Total revenues during 1Q10 increased 4.9% to Ps. 509.5 million. The mix of revenues in 1Q10 was 78.2% aeronautical and 21.8% non-aeronautical. In 1Q09, the mix was 81.2% aeronautical and 18.2% non-aeronautical. The Monterrey airport contributed 40.3% of total revenues, Acapulco 9.5%, and Mazatlán 8.8%.
 
 
Aeronautical revenues in 1Q10 increased 1.0% to Ps. 398.6 million. Revenues from both domestic and international passenger charges increased, principally because of rate increases.
 
The airports that contributed most to aeronautical revenues were Monterrey with 39.2%, Acapulco 10.5%, and Mazatlán 9.1%.
 
Aeronautical revenue per passenger increased 10.1%, to Ps. 142.6 in 1Q10 from Ps. 129.5 in 1Q09.
 
 
 

 

 
 
 

 
 

 

 
Non-aeronautical revenues increased 21.6%, led by revenues from the NH T2 hotel, OMA Carga, advertising, and parking. Most notably, OMA Carga revenues increased 87.4%, as a result of the start of operations by DHL at the Monterrey airport on January 18, 2010.
 
NH T2 hotel revenues were Ps. 15.7 million in 1Q10, of which 78.1% was room charges, 18.2% food and beverages, and 3.6% other services.
 
Non-aeronautical revenues other than the NH T2 hotel increased 4.4%.
 
The reduction in passenger traffic had negative effects on restaurants, other leases, and time-shares.
 
Monterrey contributed 44.5% of non-aeronautical revenues, Acapulco 9.5%, and Mazatlán 7.8%. The NH T2 hotel accounted for 14.2% of non-aeronautical revenues.
 
Non-aeronautical revenue per passenger increased 32.6% to Ps. 39.7 in 1Q10 from Ps. 29.9 in 1Q09. Non-aeronautical revenues per passenger, excluding the NH T2 hotel, increased 13.8% to Ps. 34.1 in 1Q10 from Ps. 29.9 in 1Q09.
 
 
 
 

 

 
 
 
 

 

 
 
 
Cost of services and general and administrative expenses increased a combined 16.2%, principally as a result of the addition of costs of hotel operations of Ps. 13.7 million, a Ps. 2.2 million increase in materials and supplies, an increase in the allowance for doubtful accounts of Ps. 5.0 million, an increase of Ps. 1.0 million for studies, and Ps. 0.9 million for professional services.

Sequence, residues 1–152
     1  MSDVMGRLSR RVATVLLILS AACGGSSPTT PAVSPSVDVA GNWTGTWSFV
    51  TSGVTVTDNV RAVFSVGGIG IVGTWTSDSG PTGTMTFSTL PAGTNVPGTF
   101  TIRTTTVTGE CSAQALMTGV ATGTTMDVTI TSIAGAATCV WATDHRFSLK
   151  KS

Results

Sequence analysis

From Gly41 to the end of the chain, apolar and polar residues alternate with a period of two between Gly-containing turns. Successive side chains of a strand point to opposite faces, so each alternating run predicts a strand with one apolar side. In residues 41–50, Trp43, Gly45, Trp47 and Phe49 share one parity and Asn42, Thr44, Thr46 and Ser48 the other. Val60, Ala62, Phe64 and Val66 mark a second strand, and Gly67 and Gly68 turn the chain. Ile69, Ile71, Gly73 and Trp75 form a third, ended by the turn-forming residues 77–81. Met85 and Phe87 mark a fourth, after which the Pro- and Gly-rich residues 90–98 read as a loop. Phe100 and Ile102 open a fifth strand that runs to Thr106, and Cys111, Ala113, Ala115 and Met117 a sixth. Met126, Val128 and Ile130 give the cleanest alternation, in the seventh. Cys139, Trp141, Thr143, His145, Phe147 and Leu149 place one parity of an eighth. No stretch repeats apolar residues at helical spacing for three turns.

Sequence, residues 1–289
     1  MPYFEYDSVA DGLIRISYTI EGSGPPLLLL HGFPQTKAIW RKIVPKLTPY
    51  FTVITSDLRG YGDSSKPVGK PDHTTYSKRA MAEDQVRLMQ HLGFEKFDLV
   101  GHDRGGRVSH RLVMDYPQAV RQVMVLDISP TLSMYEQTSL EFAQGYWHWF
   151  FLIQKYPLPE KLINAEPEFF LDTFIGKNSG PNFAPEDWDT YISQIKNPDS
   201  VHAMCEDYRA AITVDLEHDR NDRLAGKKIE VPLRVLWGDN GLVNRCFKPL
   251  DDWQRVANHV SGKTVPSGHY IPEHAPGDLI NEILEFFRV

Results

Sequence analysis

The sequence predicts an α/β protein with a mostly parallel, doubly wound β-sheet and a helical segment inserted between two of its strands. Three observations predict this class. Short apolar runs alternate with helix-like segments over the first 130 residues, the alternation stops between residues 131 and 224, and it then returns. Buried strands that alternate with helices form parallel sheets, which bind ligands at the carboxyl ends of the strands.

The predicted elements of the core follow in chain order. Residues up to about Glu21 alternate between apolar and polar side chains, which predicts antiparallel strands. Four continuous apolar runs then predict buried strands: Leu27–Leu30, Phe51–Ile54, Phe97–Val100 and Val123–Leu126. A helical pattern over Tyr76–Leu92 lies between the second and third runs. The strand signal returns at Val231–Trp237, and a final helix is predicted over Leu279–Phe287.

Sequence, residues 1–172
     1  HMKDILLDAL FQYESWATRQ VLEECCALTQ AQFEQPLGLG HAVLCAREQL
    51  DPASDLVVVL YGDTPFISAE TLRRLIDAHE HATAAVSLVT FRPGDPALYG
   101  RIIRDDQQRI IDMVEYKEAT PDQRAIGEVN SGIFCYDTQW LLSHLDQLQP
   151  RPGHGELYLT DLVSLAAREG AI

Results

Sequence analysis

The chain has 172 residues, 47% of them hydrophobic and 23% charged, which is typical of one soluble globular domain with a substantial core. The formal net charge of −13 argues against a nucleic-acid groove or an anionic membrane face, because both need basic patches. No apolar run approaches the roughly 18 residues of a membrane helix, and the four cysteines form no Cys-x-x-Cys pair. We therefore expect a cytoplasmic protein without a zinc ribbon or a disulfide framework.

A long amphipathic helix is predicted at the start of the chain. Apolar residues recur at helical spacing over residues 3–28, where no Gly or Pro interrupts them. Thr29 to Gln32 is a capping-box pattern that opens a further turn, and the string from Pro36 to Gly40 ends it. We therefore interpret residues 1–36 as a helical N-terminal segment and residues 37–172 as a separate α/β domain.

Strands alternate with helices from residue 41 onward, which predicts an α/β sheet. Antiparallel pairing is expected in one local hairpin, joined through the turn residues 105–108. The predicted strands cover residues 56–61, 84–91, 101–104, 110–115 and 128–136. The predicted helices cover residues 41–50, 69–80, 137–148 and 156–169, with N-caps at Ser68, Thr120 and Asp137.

Excluding NH T2 hotel costs and expenses, cost of services and general and administrative expenses increased 8.1%. These increases resulted from the additional costs and expenses related to applying for International Aerodrome Certification, the planned opening of the Monterrey Terminal B, as well as the preparation of information for the Master Development Plans for 2011-2015 for each of the airports.
 
OMA continues to enforce measures to control costs and expenses, resulting in savings in the areas of utilities, especially electricity, which decreased 6.5%. These actions helped offset the impact of the decrease in passenger traffic and the increase in costs and expenses described above.
 
 
Airport concession tax was unchanged; this tax is 5% of gross revenues.
 
The technical assistance fee decreased 3.5%. This fee is charged as the higher of US$3.0 million per year or 5% of Adjusted EBITDA before technical assistance.
 
The operating results of the NH T2 hotel are not included in calculating the airport concession tax or the technical assistance fee.
 
Depreciation and amortization increased 10.9% during 1Q10, as a result of a higher level of investments and the depreciation of the NH T2 hotel assets in the amount of Ps. 4.2 million, which did not occur in 1Q09.
 
Total costs and operating expenses increased 12.2% to Ps. 345.0 million.
 
 
 

 

 
 
 

 
 

 

Operating income and Adjusted EBITDA
 
 
Operating income was Ps. 164.5 million in 1Q10, a decrease of 7.8% as compared to the prior year period. The reduction reflected the additional costs from operating the NH T2 hotel, other costs and expenses, and higher depreciation and amortization.  The operating margin in 1Q10 was 32.3%, 4.4 percentage points below the same period of 2009.
 
Adjusted EBITDA, which is equivalent to UAFIDA in Mexico, was similar to 1Q09, reaching Ps. 273.6 million. The Adjusted EBITDA margin was 53.7%, 3.3 percentage points below the 1Q09 level.
 
Other income (expense), financing expense, and taxes
 
 
Comprehensive financing expense increased to Ps. 18.0 million, as a result of higher level of interest expense from a higher level of debt.